SACRAMENTO, Calif. (AP) - California Democratic Gov. Gavin Newsom presented his annual budget proposal to state lawmakers on Friday.
His $329 billion spending plan includes more money for homelessness, teacher recruitment, and climate change initiatives.
He also wants California to become the first state with own prescription drug label. The plan also would set up a new consumer protection agency.
His proposal sets off six months of hearings and negotiations before the Legislature must act by mid-June, in time for the new fiscal year that begins July 1. Some of his major proposals include:
Provide coverage for 27,000 older low-income immigrants in the country illegally. starting next year with an initial outlay of $80 million. The California last year became the first state to offer full health benefits to low-income adults 25 and younger living in the country illegally. Of about 3 million people who don't have any health insurance, advocates say about 30% are undocumented immigrants.
Newsom wants California to become the first state to sell its own prescription drugs. The CalRX label would “take the power out of the hands of greedy pharmaceutical companies," he said. California would contract with competing generic drug companies on behalf of its nearly 40 million residents and create a single market for drug pricing.
Companies would have to bid to sell their medicine at a uniform price. Republican Assemblyman Devon Mathis, who sits on a health subcommittee, warned that “When the state runs it, it costs more money.”
To curb vaping, the governor also proposed a tax of $2 per each 40 grams of nicotine in electronic cigarette products, which he said was similar to the tax on cigarettes. The tax would generate an estimated $32 million in its first six months that would help fund prevention programs and law enforcement.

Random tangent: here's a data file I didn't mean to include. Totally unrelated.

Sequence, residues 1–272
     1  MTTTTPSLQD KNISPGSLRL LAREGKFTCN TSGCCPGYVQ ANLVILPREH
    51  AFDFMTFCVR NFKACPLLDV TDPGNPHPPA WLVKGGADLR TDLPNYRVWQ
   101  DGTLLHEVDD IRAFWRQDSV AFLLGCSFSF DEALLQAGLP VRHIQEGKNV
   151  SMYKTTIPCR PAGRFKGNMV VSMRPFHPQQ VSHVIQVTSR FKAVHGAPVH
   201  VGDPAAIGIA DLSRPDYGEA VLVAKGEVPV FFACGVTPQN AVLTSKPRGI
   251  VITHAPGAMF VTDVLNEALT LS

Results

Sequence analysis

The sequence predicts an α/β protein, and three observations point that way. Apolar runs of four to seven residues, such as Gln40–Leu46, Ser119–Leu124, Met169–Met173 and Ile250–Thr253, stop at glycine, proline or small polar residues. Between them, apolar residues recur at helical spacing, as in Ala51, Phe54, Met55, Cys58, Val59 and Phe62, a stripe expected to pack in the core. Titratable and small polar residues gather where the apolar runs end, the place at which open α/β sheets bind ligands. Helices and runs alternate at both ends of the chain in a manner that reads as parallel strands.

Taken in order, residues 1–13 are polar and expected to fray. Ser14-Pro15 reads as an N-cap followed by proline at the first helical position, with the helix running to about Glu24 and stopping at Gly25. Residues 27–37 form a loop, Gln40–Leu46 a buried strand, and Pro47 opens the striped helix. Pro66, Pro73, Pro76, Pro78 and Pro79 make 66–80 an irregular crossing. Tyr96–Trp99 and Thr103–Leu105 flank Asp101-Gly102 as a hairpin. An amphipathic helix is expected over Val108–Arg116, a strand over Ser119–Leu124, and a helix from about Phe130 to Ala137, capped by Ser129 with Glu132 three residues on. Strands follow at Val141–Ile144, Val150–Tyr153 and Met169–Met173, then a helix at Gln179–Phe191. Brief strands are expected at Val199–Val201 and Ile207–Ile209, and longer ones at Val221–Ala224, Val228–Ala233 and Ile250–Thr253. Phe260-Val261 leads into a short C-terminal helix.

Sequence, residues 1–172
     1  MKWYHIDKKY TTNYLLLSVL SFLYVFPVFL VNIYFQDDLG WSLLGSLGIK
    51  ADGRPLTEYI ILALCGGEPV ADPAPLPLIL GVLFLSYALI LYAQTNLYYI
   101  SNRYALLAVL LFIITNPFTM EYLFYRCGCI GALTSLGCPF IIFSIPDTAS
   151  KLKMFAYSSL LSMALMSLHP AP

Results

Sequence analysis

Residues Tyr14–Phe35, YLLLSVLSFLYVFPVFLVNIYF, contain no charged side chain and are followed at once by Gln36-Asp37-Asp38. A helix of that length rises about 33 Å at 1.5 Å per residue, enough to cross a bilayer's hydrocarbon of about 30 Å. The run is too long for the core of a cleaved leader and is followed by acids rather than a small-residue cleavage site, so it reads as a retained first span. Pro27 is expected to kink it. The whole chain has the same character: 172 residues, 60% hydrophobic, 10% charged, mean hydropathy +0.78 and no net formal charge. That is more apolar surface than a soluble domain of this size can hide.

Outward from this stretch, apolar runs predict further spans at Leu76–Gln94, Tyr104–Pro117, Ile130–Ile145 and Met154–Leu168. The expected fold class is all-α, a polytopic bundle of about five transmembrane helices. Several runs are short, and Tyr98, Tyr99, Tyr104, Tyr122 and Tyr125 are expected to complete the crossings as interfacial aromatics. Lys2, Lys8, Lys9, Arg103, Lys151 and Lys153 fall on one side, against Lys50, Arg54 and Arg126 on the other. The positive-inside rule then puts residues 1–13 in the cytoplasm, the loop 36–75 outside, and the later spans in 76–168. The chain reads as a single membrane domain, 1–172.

HOUSING AND HOMELESSNESS
Newsom signed an executive order Wednesday creating what he proposes to be a $750 million fund that providers could use to pay rents, fund affordable housing or help board and care homes. He’s seeking another $695 million in state and federal matching funds for preventive health care, but some of the money could also go to helping people find housing.
The self-proclaimed state “homeless czar” directed the state to provide 100 travel trailers and modular tent structures to cities and counties for use as temporary housing. He ordered state agencies to free surplus state property to house homeless people including alongside highways, in unused health care facilities, and on state fairgrounds. And he’s seeking nearly $25 million for three counties to experiment with putting those who are deemed mentally incompetent to stand trial into community programs instead of state psychiatric hospitals.
Newsom proposed hiring 555 firefighters over five years, providing relief to the existing 4,800 firefighters who sometimes battle blazes for weeks at a time. He also wants to spend $100 million to make lower-income housing more resistant to wildfires with steps like replacing wooden roofs and filling gaps where embers can alight.
It’s part of a $2 billion emergency services budget proposal that also includes flood protection and high-tech mapping of areas prone to wildfires, floods, tsunamis and mudslides. It would fund a new Wildfire Forecast and Threat Intelligence Integration Center and research on better firefighting equipment and ways to protect firefighters.
Another half-billion dollars would go protecting things like water systems and public medical facilities from wildfires, and creating emergency shelters in places like fairgrounds. Communities would share $50 million in matching funds to help things like schools and county election offices prepare for utilities’ widespread planned power outages. A quarter-billion dollars would go to improving the health of forests.
PACIFIC GAS & ELECTRIC
Newsom’s proposal includes a possible attempt to take over Pacific Gas and Electric unless the state’s largest utility can minimize its chances of endangering lives and practice of deliberately turning off the power when wildfire danger is high to prevent its transmission lines igniting fires.
Newsom and other government officials have repeatedly threatened to turn the utility into a government-owned entity since it sought bankruptcy protection a year ago as a refuge from an estimated $50 billion losses from deadly fires blamed on its outdated electrical grid.
Newsom didn’t estimate how much this “break the glass” scenario might cost the state, but pledged to ensure any takeover wouldn’t sink California into a deep financial hole.